Forests, waving grass fields, yet get used to moving unidentifiable blobs of people.

Forests, waving grass fields, yet get used to moving unidentifiable blobs of people.

Players can also collect flagons of Ale from captured villages that appear off to the side from the main path from time to time, which act as this game’s form of lives but capturing more than one is a bit unnecessary. For one, the game gives you a free village near the start, which spits out 3 flagons each time you visit the map screen after a mission; then after that every village you come across will be guarded. Additionally, these side missions for extra lives seem to be genuinely more difficult than the main path levels themselves. Admittedly, I was unable to even get past the first guarded village because I couldn’t figure out the sequence of when and where to transport my units for optimal success.

A minor problem, considering the game also boasts that many of its maps have multiple solutions in them. This is, for the most part, true; but many of the maps also seem to only have one or two “correct” solutions tied to them. This opens up a bit more if you don’t worry about the time restraints on some maps, but otherwise some areas of the game feel pretty restricted in the ways you can accomplish objectives.

As linear as some parts are though, completing each segment is well worth it to be rewarded with another cut scene. At the start of each level, your barbarians will usually have some sort of interaction; and each interaction is almost always guaranteed to be worth reading through. It’s vulgar, hilarious, and often somewhat meta, but what else can you expect from the same developers that made a 1v1 argument simulator with numerous Monty Python references. Crush Your Enemies is often crass, vulgar, and filled with pop culture references; yet always managed to stay relatively funny to me without getting old or annoying. Some cut scenes do tend to drag on, but never to a point where it becomes bothersome or tiring.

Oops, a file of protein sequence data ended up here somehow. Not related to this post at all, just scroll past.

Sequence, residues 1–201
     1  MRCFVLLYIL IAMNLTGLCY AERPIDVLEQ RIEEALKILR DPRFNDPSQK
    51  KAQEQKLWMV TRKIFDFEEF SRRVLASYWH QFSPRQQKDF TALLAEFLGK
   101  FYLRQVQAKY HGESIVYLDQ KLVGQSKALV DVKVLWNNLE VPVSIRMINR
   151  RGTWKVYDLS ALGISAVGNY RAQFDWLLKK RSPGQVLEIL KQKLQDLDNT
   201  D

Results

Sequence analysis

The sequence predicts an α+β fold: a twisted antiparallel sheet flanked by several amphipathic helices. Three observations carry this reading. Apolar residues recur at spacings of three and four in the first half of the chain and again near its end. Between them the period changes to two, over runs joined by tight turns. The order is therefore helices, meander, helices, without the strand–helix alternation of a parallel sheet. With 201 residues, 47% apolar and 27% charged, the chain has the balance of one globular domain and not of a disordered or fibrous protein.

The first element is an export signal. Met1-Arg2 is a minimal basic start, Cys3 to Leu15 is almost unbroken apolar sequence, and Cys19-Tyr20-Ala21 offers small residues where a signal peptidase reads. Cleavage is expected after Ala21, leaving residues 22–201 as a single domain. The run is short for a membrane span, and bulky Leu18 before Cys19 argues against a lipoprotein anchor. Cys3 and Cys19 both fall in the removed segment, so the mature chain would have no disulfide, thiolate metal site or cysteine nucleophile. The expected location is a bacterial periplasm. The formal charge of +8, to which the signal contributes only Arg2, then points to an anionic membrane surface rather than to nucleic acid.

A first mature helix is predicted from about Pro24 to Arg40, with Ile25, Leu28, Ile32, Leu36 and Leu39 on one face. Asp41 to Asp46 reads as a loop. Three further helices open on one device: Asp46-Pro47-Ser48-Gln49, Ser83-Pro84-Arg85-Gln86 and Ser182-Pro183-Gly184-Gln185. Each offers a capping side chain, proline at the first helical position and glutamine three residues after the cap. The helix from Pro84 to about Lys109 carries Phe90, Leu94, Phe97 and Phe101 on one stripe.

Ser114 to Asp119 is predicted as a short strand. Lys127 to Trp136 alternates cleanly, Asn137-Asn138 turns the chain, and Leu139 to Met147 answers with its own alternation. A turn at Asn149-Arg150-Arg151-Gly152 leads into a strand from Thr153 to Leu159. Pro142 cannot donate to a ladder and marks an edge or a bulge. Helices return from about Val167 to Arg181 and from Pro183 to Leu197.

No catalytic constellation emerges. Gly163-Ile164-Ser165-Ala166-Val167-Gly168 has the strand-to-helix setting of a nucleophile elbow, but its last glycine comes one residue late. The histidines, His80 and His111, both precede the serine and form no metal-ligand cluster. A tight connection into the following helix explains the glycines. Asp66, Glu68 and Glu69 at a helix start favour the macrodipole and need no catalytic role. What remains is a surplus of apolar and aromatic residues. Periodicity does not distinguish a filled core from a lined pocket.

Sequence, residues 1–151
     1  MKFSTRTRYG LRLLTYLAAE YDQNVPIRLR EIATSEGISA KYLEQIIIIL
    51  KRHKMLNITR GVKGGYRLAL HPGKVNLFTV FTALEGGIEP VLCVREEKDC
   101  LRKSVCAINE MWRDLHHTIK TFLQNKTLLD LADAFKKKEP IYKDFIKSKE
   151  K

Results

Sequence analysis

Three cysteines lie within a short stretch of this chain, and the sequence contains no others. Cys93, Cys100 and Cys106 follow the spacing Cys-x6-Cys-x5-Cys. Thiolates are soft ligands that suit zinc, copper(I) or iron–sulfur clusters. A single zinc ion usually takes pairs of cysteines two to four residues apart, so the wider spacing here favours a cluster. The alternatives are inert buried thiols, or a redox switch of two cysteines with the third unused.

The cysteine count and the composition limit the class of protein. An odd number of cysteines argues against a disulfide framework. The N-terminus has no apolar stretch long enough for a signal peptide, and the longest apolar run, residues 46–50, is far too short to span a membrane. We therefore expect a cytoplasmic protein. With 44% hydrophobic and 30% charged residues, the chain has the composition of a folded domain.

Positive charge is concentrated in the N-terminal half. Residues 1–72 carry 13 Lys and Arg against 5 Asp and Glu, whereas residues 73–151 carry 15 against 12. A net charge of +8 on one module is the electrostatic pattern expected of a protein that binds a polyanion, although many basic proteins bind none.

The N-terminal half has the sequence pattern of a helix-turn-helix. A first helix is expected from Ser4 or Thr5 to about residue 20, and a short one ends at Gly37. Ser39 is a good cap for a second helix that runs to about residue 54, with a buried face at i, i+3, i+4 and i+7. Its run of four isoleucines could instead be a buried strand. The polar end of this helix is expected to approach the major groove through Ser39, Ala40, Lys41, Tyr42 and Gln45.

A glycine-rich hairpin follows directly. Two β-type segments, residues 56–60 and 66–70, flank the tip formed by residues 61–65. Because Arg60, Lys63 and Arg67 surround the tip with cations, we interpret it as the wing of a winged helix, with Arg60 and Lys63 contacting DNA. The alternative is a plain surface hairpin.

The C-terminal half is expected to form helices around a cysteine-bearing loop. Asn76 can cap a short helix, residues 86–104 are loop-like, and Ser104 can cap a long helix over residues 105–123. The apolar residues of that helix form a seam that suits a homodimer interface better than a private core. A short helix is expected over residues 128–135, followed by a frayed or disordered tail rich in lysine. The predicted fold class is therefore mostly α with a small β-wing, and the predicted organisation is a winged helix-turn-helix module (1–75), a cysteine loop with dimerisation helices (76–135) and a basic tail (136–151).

Overall, Crush Your Enemies is a title that doesn’t really stand out much in the mechanics dept, yet shines through with it’s crass sense of humour and wonderful personality. With great pixel art environments, excellent animations, fun and memorable characters, and easy to use controls, Crush Your Enemies has plenty of positives going for it.

Moreover, it’s easy enough to recommend this game to nearly anyone who’s a fan of simplistic style RTS games. There’s no announced price as of yet, but if the game is around or under 10$, then it’s definitely worth checking out.

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About The Author
Michael Koenig
Michael Koenig
Michael Koenig is a game dev-in-training from Raleigh, North Carolina. Studying Simulation and Game Design at William Peace University, he enjoys reviewing, playing, and talking about video games from all types and genres